This suit arises from a suit brought by Jerry Johnson seeking declarations construing the terms of two insurance policies following an automobile accident in which Jerry’s son, Jacob, was injured while Jerry was driving.

In 2008, Jerry and Jacob were traveling in Colorado in a rented car driven by Jerry when Jerry caused an accident which severely injured his 11 year old son. Jacob.  Jacob lived with his parents at the time of the accident and remained in the home until May 29, 2015, when he permanently moved out of the residence.  Jerry had an auto policy and an umbrella policy with State Farm.  The auto policy contains a provision, the “family member exclusion,” that excludes from liability coverage bodily injury to “any family member, except to the extent of the minimum limits of Liability Coverage required” by the Texas Motor Vehicle Safety-Responsibility Act, which was $25,000 at the time.  “Family member” is defined as “a person who is a resident of your household and related to you by blood, marriage, or adoption.”  The umbrella policy has a similar provision.  Jerry sought coverage under both policies.  State Farm refused coverage beyond the $25,000.00 minimum.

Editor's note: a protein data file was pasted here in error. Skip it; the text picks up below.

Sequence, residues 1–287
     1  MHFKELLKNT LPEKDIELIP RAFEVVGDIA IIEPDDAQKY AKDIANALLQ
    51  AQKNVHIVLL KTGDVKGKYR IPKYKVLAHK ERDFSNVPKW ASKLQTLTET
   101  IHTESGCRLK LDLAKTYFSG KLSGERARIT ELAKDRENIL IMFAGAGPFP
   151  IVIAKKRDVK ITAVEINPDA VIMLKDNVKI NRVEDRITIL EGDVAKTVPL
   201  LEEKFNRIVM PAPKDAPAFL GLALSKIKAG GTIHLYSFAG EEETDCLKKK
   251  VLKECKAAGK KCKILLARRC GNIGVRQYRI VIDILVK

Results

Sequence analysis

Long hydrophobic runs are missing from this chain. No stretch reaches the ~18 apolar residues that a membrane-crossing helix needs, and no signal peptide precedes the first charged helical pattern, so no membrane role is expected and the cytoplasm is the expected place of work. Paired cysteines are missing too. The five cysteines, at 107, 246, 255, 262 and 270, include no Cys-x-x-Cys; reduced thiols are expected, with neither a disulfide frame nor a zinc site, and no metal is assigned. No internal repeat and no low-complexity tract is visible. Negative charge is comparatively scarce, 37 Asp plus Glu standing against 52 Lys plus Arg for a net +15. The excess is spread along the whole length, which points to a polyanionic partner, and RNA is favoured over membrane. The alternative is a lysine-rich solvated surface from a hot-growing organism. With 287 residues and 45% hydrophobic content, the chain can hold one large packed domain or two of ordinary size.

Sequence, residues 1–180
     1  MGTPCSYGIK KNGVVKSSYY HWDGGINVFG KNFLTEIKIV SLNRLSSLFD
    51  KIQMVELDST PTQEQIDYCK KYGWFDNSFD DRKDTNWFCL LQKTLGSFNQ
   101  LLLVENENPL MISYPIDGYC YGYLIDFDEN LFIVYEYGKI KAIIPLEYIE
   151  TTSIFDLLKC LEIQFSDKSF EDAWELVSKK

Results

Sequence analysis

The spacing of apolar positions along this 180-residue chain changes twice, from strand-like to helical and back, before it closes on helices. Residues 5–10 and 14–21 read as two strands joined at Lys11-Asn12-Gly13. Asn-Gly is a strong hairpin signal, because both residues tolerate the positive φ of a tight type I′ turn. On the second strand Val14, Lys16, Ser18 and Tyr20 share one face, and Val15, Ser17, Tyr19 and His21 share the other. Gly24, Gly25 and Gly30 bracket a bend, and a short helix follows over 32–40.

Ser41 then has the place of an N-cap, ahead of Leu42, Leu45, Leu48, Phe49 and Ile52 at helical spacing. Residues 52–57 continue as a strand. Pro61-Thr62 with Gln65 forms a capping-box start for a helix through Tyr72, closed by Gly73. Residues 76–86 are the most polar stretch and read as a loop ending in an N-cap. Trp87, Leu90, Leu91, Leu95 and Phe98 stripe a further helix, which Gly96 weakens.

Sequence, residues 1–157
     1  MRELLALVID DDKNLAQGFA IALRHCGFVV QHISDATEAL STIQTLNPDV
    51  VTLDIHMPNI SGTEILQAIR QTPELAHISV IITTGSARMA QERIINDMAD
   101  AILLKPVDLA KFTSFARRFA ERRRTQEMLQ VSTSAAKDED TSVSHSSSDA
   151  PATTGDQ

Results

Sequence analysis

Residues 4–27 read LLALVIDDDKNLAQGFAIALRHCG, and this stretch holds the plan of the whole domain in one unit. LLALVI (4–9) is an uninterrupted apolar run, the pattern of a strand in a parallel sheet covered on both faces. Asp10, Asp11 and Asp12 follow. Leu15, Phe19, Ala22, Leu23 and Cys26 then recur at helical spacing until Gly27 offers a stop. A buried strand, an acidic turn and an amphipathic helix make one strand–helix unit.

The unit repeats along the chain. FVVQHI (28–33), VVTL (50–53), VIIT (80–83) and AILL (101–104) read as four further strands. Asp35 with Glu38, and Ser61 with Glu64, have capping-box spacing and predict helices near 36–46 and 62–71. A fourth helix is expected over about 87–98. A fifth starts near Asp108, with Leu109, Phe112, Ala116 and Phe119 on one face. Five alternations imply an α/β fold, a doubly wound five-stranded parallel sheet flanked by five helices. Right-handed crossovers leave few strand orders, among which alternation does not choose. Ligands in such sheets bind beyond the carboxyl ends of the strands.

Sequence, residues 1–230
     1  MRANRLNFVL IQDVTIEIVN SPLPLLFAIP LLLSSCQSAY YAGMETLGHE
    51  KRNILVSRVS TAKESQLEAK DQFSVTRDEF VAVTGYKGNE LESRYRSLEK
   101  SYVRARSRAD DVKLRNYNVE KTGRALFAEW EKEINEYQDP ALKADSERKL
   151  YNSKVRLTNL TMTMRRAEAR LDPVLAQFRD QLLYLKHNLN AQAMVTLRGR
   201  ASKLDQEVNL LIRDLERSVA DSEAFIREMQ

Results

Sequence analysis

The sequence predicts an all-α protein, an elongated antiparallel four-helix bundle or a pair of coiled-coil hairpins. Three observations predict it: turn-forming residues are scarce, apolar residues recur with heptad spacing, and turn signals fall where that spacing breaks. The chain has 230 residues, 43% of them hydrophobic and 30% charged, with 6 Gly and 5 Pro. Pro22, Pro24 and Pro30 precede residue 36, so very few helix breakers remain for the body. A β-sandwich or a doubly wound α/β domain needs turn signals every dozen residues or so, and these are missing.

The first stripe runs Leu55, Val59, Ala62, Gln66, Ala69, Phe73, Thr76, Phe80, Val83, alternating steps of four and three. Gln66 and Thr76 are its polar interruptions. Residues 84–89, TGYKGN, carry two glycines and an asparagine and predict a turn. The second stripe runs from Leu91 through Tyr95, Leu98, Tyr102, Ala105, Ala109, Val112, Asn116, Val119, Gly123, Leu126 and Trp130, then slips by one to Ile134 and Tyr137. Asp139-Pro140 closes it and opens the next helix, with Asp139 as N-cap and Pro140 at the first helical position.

Most insurance lawyers know this – – that a first party uninsured motorist claim cannot litigate bad faith until there has been a resolution to the uninsured motorist (UM) part of the claim.  This is illustrated in the February 2017, opinion from the 14th Court of Appeals styled, In Re Allstate County Mutual Insurance Company.

Allstate was sued for UM benefits and at the same time sued for extra-contractual bad faith claims.  The Judge in the case would not sever and abate the extra-contractual causes of action from the UM claim and this mandamus action resulted.

The real party in interest, Alexa St. Julian was involved in an automobile accident with an uninsured driver.  Alexa was unable to reach a settlement with Allstate, who had made a settlement offer, and the lawsuit resulted.  Allstate sought for the UM claim to severed and abated from the extra-contractual claims.